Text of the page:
It also includes information about contraception and sexually transmitted infections (STIs), including HIV.
And it goes beyond information, to encourage confidence and improved communication skills.
Common avenues for sex education are parents or caregivers, formal school programs, and public health campaigns.
Traditionally, adolescents in many cultures were not given any information on sexual matters, with the discussion of these issues being considered taboo.
The girls are charged with manufacturing, disseminating or possessing child pornography, while the boys who received the photos are charged with possession.
A meta-analysis that compared comprehensive sex education programs with abstinence-only programs found that abstinence-only programs did not reduce the likelihood of pregnancy, but rather may have increased it.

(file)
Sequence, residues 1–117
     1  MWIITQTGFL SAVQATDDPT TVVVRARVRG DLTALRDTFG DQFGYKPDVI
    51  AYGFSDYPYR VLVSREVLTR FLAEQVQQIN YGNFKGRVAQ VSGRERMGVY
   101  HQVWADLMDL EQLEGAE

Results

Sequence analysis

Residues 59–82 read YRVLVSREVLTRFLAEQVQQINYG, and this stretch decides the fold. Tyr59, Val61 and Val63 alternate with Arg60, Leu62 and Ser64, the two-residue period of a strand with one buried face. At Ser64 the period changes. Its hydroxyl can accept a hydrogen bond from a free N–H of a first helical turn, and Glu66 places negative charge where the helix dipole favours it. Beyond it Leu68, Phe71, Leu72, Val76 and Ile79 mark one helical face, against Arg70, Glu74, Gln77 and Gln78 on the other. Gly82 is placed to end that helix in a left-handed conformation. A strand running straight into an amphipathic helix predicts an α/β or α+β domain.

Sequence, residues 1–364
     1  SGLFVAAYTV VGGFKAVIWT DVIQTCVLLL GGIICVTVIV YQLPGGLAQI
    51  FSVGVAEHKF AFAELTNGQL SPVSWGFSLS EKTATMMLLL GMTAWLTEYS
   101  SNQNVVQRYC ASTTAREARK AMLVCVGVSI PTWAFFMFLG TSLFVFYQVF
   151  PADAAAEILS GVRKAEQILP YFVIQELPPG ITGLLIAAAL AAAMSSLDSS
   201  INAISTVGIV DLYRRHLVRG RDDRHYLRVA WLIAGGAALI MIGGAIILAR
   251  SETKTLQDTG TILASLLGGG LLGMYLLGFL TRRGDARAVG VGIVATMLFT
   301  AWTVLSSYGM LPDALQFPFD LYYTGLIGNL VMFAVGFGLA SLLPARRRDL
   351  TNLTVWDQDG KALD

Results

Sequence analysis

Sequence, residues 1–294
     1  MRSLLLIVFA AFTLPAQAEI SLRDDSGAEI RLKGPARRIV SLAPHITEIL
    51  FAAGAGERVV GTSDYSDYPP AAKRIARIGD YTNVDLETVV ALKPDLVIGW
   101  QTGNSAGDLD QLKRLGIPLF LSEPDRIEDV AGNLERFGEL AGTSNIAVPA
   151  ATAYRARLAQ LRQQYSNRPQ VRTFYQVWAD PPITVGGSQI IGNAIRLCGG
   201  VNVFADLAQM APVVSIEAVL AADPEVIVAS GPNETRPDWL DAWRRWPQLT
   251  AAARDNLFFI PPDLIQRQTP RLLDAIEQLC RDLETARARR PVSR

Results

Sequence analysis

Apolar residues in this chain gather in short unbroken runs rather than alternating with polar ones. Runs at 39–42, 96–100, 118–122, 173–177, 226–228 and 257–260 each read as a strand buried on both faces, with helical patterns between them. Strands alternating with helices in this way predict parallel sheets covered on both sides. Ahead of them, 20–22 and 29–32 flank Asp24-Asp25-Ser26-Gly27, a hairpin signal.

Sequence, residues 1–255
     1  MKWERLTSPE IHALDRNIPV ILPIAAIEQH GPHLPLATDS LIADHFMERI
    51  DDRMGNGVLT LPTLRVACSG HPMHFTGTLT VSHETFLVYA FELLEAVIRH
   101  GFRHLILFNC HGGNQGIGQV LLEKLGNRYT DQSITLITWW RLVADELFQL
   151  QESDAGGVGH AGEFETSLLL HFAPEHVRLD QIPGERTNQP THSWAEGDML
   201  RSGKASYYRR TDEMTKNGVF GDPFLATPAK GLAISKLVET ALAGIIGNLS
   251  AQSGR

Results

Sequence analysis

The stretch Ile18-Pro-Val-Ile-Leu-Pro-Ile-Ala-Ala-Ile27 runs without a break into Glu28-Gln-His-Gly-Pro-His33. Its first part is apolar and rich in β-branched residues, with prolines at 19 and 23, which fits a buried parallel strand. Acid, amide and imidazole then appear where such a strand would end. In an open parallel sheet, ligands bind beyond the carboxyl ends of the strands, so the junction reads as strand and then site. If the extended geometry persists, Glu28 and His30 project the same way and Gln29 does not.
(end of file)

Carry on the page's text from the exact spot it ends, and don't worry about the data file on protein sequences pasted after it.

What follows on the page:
Numerous studies show that curricula providing accurate information about condoms and contraception can lead to reductions in the risky behaviors reported by young people as well as reductions in unintended pregnancies and STIs.
Such instruction, as was given, was traditionally left to a child's parents, and often this was put off until just before a child's marriage.
The progressive education movement of the late 19th century, however, led to the introduction of "social hygiene" in North American school curricula and the advent of school-based sex education.